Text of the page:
All I am going to focus on is me doing well and showing up on competition day. Make sure I give my best and give everything that I got.


Balance (Work, Family, Relationships and Training)

I’m going to be really upfront and honest here… I still struggle with finding balance even after 15 years of competing. But as each year goes it seems to get really difficult, never easier. It gets difficult because being an athlete competing at the highest level of competition puts a tremendous strain on pretty much everything in your life. You become cranky on rest days, you become grumpy when you are not getting in your meals or you become a complete asshole in the gym when someone takes away your plates. Basically you just become  selfish in the self directed, cold and calculated pursuit of your goals.

All you think about is training, making sure you eat your meals, getting enough hydration, recovery, sleeping and then work. Notice how family and relationships are not mentioned.

Someone ask me before “How do you manage to keep everything together and still be doing what you do?”. The answer is simple… I sacrificed my social life, keep my family engagements to a minimum, relationships will take a back seat which means no dating (then again, I don’t event date) and definitely no late nights outs.

Mark Manson an award winning author stated that “You can’t have everything all at the same time. You can only be good one thing at a time”.

– You can’t be an athlete and maintain a blossoming relationship especially if your partner is not an athlete or doesn’t understand your needs.

– You can’t be a fully functioning person and excel in all aspects of your life because being an athlete will consume your very existence.

– You can’t be an athlete and run a growing business, sure your business will still run but it will run to break even.

– You can’t be an athlete and have full time 9-5 or shift job these would just suck your soul dry.

Like I say… This is just coming from experience and in the event that these does not apply to you. Then you my friend are at outlier and I am truly envious of you and I would love to sit down and pick your brains.

So what balance actually mean? Human existence is all about balance and equilibrium to our lives, but the athlete life is rather extreme we abuse ourselves day in and day out during training. We eat the same food, we keep our relationships on hold or add strain to it, we keep every single thing to a routine and when our routine is disrupted we get frustrated. So what is this balance are we talking about.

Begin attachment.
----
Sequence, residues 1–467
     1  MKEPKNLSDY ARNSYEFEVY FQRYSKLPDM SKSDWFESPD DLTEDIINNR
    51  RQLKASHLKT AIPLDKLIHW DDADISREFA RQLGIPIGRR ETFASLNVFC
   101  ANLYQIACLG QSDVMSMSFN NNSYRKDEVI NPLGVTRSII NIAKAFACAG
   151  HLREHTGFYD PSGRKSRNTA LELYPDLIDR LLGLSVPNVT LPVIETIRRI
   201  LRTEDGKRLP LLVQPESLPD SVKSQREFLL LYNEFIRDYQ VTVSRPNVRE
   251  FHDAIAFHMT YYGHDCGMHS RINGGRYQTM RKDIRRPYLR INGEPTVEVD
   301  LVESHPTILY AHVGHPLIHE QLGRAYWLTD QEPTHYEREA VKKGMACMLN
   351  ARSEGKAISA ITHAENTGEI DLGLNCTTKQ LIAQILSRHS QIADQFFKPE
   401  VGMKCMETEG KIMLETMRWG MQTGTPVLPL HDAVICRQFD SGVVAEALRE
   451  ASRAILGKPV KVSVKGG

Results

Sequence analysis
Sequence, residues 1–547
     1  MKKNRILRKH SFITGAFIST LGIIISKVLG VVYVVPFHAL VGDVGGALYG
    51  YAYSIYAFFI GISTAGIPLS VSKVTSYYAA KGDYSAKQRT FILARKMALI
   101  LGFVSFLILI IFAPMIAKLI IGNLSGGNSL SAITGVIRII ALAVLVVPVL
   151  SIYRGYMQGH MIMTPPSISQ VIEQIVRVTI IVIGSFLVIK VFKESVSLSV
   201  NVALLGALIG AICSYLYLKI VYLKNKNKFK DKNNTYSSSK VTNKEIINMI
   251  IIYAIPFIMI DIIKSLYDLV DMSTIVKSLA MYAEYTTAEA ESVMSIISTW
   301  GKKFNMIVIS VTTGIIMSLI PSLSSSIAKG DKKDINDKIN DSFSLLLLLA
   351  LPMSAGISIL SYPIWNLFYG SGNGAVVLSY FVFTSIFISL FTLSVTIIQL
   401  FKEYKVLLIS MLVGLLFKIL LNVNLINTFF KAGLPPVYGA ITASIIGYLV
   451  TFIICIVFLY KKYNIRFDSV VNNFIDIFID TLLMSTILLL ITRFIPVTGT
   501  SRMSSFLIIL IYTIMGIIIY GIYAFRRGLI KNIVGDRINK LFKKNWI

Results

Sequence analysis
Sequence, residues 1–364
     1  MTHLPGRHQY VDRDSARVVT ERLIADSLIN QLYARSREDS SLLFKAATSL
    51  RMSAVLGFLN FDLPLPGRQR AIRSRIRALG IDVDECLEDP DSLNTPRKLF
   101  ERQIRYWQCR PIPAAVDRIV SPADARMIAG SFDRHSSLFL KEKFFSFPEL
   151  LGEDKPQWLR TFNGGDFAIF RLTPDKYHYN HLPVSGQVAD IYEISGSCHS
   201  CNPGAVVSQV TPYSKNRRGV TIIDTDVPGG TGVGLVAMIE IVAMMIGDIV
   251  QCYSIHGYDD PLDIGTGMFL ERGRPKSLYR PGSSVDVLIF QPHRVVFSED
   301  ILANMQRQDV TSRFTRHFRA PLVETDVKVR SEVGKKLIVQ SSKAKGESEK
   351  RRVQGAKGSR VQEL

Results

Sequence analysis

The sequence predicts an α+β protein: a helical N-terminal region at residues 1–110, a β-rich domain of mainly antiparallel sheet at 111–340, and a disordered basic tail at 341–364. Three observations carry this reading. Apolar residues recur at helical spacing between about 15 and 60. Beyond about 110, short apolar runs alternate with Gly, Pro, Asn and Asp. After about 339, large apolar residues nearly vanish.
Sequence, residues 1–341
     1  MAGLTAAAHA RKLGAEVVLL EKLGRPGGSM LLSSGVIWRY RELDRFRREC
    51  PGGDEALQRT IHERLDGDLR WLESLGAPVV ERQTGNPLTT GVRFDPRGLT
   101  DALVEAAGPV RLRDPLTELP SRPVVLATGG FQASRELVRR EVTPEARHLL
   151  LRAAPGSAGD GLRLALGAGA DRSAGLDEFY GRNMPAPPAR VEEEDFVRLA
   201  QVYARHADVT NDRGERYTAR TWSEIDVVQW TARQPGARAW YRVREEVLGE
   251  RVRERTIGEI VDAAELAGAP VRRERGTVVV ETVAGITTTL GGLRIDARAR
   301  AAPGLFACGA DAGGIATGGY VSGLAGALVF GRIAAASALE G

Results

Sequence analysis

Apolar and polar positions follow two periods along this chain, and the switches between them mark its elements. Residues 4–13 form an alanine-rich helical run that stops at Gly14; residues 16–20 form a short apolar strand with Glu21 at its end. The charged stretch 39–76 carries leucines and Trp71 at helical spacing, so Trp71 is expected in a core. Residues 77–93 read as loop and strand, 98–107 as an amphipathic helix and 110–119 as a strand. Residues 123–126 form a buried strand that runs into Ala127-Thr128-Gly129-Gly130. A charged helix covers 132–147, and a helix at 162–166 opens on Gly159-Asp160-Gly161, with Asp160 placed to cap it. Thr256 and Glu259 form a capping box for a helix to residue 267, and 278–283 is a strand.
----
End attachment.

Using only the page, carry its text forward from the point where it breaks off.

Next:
But the reality is this… While we seek out balance, perhaps this madness, this way of living or this life we chose as an athlete is our very definition of balance. We are not average joes or the weekend warrior. These societal rules do not apply to us. We define what balance is for us and yours will be different from mine. But that being said, winning a medal or world title does not make you a better husband, wife, father, mother, son, daughter, cousin or human being. It is just a testament of your hard work and consistent effort. At the end of the day you want to go home and celebrate this achievement with your loved ones, family, friends and close circle of friends.

Don’t be that person who gave up everything and everyone just for vanity, world or regional title and a $20 medal. Make time for people that matter, appreciate those around you and most importantly be relentless in your goals but kind to those around you.

If you are prepping for a competition and neck deep in comp prep. Keep on moving forward and persevere. Nobody achieved greatness by quitting but remember to always find your balance and make time for the important stuff or people in your life.

In the meantime train hard and stay injury free. I look forward to seeing everyone on the platform at the Static Monsters World Championships 2018!

Training to Be Stronger

By | motivation, Strongman, Tip Tuesdays | 2 Comments

Training to be Stronger

This month for “Tip Tuesdays” and since my sport is on strength and moving heavy stuff. I will focus on tips and tricks that I use to get stronger and be competition ready for those of you who are prepping for a powerlifting, strongman or any strength competition in the near future focusing on training to be stronger. This is the program that works for me. Feel free to try it out and let me know how it works for you.

But before we do that. I’m going to debunk a myth of strength training from my own experience,  what I’ve learnt from my coaches and athletes who are bigger and stronger than me.

Myth: You need to lift heavy weights all the time to get stronger
Truth: Yes. But you do NOT need to lift heavy weights all the time.

So when people ask me “What muscle do you train when you do a deadlift?”. First reaction is to slap the person silly but not everyone is a gym rat or an athlete so I tend to keep it in and smile and respond to the best that I can.

So which brings to the real question…

Does lifting heavy make you stronger? Yes it definitely does because more weights you lift/move you will incorporate more than one muscle. And when you incorporate and activate more muscles from different parts of your body that would have an instantaneous by-product which is strength. But the real question would be are you performing and executing the lifts with good form and proper technique?